intimidation and snppres.sion of the negro vote. Fi-
nally, the governors of tjie three doubtful States re-
turned the vote as for Hayes in each instance. I'liis
gave him 18.") votes to 184 for Tilden. Tlien came
the question of Avlietlier this return should he accepted
l)y the House of Representatives, or whether it should
"go behind the returns." On Deceml)er 18, 18T(),
Representative McC'rary })ut in a resolution for a joint
connnittee to report some measure of relief. After
the usual reference and amendments, this bill was
passed and concurred in l)y tlie Senate, and seven
senators and seven re[)resentatives were ap})ointed on
the committee.

Meanwhile the excitement coniinued, and anarchy
seemed to stare the country in the face. I liad no sym-
pathy with anarchy, l)ut my course seemed to awaken
suspicion of sometliing of that nature, nevertlieless.
Early in January the conviction came to me that it was
my duty as a good citizen to take some action. 1 listened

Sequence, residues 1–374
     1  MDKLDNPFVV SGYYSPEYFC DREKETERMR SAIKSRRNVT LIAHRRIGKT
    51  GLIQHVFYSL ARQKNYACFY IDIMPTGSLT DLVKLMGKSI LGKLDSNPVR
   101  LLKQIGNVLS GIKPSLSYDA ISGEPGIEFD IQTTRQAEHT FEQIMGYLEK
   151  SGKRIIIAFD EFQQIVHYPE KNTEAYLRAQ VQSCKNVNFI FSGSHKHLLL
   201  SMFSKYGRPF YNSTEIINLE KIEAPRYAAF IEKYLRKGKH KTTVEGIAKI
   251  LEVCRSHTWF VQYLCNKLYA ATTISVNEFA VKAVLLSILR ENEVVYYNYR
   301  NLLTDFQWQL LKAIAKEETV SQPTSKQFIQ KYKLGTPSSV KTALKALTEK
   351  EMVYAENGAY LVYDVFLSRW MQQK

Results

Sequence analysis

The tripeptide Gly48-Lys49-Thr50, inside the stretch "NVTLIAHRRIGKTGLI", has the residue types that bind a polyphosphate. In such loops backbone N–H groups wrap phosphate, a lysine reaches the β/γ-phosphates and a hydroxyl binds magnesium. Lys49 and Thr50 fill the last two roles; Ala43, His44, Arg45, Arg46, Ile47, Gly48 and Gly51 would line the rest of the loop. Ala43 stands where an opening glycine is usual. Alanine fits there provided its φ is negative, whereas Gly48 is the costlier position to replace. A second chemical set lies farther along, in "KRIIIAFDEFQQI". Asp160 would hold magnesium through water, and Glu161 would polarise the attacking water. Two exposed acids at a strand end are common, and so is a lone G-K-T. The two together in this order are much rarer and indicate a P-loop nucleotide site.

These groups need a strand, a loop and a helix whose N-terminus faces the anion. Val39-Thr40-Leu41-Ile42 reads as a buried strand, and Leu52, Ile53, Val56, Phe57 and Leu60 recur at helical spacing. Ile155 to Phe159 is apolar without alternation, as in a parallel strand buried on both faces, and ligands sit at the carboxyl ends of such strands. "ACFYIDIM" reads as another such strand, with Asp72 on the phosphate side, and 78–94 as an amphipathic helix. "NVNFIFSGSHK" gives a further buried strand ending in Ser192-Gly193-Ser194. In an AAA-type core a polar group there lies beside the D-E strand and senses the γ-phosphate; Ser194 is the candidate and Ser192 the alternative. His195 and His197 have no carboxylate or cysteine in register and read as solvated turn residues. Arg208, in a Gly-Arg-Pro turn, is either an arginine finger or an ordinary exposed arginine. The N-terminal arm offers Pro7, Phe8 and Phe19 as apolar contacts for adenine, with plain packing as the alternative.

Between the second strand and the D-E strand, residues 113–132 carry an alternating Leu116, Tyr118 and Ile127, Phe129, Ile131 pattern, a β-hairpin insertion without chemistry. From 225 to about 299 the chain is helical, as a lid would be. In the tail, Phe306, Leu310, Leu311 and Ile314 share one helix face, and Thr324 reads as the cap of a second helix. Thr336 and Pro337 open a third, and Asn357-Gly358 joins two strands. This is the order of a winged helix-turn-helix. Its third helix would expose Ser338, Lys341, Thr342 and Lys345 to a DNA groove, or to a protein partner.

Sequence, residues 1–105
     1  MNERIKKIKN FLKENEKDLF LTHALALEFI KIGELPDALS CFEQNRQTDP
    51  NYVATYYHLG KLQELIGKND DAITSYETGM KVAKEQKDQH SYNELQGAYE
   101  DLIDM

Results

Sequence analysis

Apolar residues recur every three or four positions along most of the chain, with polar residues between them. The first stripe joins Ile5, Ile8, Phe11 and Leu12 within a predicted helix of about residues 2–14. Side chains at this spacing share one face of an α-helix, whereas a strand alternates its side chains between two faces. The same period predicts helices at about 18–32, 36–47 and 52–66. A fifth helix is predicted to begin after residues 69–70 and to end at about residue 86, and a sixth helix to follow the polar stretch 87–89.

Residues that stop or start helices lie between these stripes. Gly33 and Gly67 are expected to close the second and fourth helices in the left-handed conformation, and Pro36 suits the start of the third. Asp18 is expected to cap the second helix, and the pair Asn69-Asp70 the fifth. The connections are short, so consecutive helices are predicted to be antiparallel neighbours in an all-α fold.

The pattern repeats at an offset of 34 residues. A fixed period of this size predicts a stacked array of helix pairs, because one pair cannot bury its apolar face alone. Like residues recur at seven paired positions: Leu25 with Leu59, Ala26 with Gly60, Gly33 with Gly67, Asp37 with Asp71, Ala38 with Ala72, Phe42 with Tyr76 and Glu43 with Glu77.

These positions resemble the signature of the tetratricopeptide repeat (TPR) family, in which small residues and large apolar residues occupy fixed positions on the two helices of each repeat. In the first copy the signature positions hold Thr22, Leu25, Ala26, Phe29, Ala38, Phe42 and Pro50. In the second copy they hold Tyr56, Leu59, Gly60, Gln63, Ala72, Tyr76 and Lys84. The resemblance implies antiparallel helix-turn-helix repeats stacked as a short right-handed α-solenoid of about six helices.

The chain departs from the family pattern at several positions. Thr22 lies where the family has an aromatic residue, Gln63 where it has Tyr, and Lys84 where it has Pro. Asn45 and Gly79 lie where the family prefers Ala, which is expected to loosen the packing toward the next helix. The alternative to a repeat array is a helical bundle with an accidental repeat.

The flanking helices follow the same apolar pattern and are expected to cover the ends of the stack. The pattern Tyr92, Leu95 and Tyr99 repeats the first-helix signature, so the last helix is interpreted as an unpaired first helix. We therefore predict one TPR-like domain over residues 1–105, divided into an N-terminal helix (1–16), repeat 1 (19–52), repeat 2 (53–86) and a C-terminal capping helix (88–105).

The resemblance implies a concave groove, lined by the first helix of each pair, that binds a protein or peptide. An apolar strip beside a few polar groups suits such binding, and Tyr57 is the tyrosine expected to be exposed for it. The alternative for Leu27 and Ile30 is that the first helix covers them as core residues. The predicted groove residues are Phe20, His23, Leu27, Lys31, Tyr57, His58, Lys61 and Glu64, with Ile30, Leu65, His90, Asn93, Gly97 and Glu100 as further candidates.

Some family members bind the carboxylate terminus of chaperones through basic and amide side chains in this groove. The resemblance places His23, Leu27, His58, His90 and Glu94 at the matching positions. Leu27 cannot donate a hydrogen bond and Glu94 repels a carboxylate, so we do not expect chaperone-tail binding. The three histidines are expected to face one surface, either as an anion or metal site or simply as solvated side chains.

to the talk in the capital, and was wrouglit up to a high
j)itch of excitement by it. Fears M^ere entertained tliat
a civil war wds inuninent which would lie far more
bloody than tlie Southern revolt. On all the trains
coming towaid the cit}' military oilicers could he seen
huri-yiug thence, which lent color to the idea. Tlie sus-
picion Mas tliat Grant would effect a military rule, seize
the government, and preside l)eyond the time allotted
to him. I sung at a nnisicale in the three large parlors
I had secured, soon after New Year's, and during the
evening addressed the audience, speaking of my sus-
23icions, and the necessity of immediate action to change
existing conditions. I then asked a vote on the suljject
of a convention to discuss the matter. A o-entleman


arose, and said, "''Sir. Ilutcliiiison, ap})oiiit your time."
Then I said I had already secured a large room and
suggested that the meeting be held two days later. This
was Januar}^ loth. On the evening of that day there
assembled at the appointed place a large gathering
of men of every party, drawn by interest or curiosit}'.
I was selected as tem[)orary, and later permanent, chair-
man. I told them what I had thus far done and ex-